If there was ever the myth that in a country like the UK it is unimaginable that people can go hungry and without a meal, then the present economic state of affairs has busted that. Conversations abound about the rising tidal wave of cost of living and with the real “terror” being the agitated and anxious worry about the present and the future, and especially the future for young people.
Indeed, with soaring food prices, cheap food is a thing of the past (as predicted). One theory is that because of the take off of incomes in Asia more people there can afford meat and other foods. In other words – more people are able to eat and have the means to do so. This in itself may not be the reason for the increase in food prices. The related bit is that the demand for more meat cannot be matched as the grains (that are in abundance) to feed animals are used, especially by the USA, to produce ethanol to provide an alternative and cleaner source of energy for the gas guzzlers in that country. Interestingly, one old school of economic theory is being challenged here: abundance in this case (of grains) does not mean the lowering of prices – in fact it shoots up!
In the meantime, while pundits theorises, who feels it most? It is the poor, wherever they are, who continue to feel the squeeze from our madhouse economics which will most likely take humankind over the final precipice. Poor people can gaze at supermarket shelves and bazaars filled with Columbus’ like trinkets and canned food – they can see these but will never ever be able to touch, feel and taste. My indignation is directed at the causes that make and keep people poor within and between nations – which will also include my own complicity in all this and whether I am willing to live a counter life. We have been desiring more than we need. Our economic system and its agents have ensured that we become hooked on such a habit!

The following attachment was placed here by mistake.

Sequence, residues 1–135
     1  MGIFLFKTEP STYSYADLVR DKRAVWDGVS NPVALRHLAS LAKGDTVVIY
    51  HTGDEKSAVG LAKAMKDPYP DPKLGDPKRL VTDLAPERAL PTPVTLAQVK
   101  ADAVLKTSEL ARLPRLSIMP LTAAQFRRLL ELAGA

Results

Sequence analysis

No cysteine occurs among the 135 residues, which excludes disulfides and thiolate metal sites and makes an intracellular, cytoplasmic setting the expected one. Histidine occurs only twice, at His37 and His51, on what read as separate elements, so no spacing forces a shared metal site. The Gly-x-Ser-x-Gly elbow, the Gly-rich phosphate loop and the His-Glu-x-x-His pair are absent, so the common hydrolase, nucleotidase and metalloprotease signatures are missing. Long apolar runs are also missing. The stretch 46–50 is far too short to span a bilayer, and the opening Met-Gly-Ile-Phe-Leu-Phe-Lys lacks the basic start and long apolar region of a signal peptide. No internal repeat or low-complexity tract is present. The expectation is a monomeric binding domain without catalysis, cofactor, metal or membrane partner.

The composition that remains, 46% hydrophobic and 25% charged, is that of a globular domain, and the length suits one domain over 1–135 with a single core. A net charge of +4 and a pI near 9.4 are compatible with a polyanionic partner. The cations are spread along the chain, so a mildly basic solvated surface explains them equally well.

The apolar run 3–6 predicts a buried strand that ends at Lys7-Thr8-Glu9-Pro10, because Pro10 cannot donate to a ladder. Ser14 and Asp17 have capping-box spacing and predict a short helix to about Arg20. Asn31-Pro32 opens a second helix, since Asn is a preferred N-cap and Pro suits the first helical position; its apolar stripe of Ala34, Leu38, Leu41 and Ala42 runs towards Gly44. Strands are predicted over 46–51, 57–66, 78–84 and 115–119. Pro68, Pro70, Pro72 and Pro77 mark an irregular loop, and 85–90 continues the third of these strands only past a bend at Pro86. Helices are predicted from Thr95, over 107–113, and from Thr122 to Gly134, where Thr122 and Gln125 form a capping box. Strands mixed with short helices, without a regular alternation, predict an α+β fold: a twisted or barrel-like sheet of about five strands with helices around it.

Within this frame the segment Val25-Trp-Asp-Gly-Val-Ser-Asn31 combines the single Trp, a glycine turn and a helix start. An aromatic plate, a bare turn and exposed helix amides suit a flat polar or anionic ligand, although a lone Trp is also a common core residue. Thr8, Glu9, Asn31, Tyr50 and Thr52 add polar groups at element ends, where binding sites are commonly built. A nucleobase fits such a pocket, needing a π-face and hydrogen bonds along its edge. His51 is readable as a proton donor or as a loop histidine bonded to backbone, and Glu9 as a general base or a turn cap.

So the poor are still with us – as Jesus is purported to have said according to one of the gospel writers. And their condition, instead of improving is getting worse. The Market and Free Trade, the new abode of the Western God (now being taken over by Asia) is daily praised as the source of plenty and prosperity and in whom lies salvation. As Eduardo Galeano puts it:”Free trade is sold as something new, as if born from a cabbage or the ear of a goat, despite its long history reaching back to the origins of the unjust system that reigns today.”
And, do not give me all that spiritualising nonsense about “Blessed are the poor”, as human flesh continue to be born in the indigestion of hunger, wallowing in it to ultimately die of hunger. Poor people too want to enjoy full life right here on earth. It is time for theologians to take off from their shelves and re-read all those dusty volumes of liberation and revolutionary theologies (no I do not mean the nonsense that passes for contextualised theologies emanating from the armchairs of theologians of all hues). God’s preferential option for the poor should now move from being an option to becoming God’s preference and hard talk.
For the poor are still with us. In fact, they have always been with us – but the lure and grip of inhabiting spaces in the “master’s house” may have intoxicated us and clouded our vision. It is time to get sober, to protest, certainly get angry to act, but wise and cunning to understand the reach of the beast. After all, in economic terms: it is cheaper to eliminate poverty than to maintain it!
© copyright June 6, 2011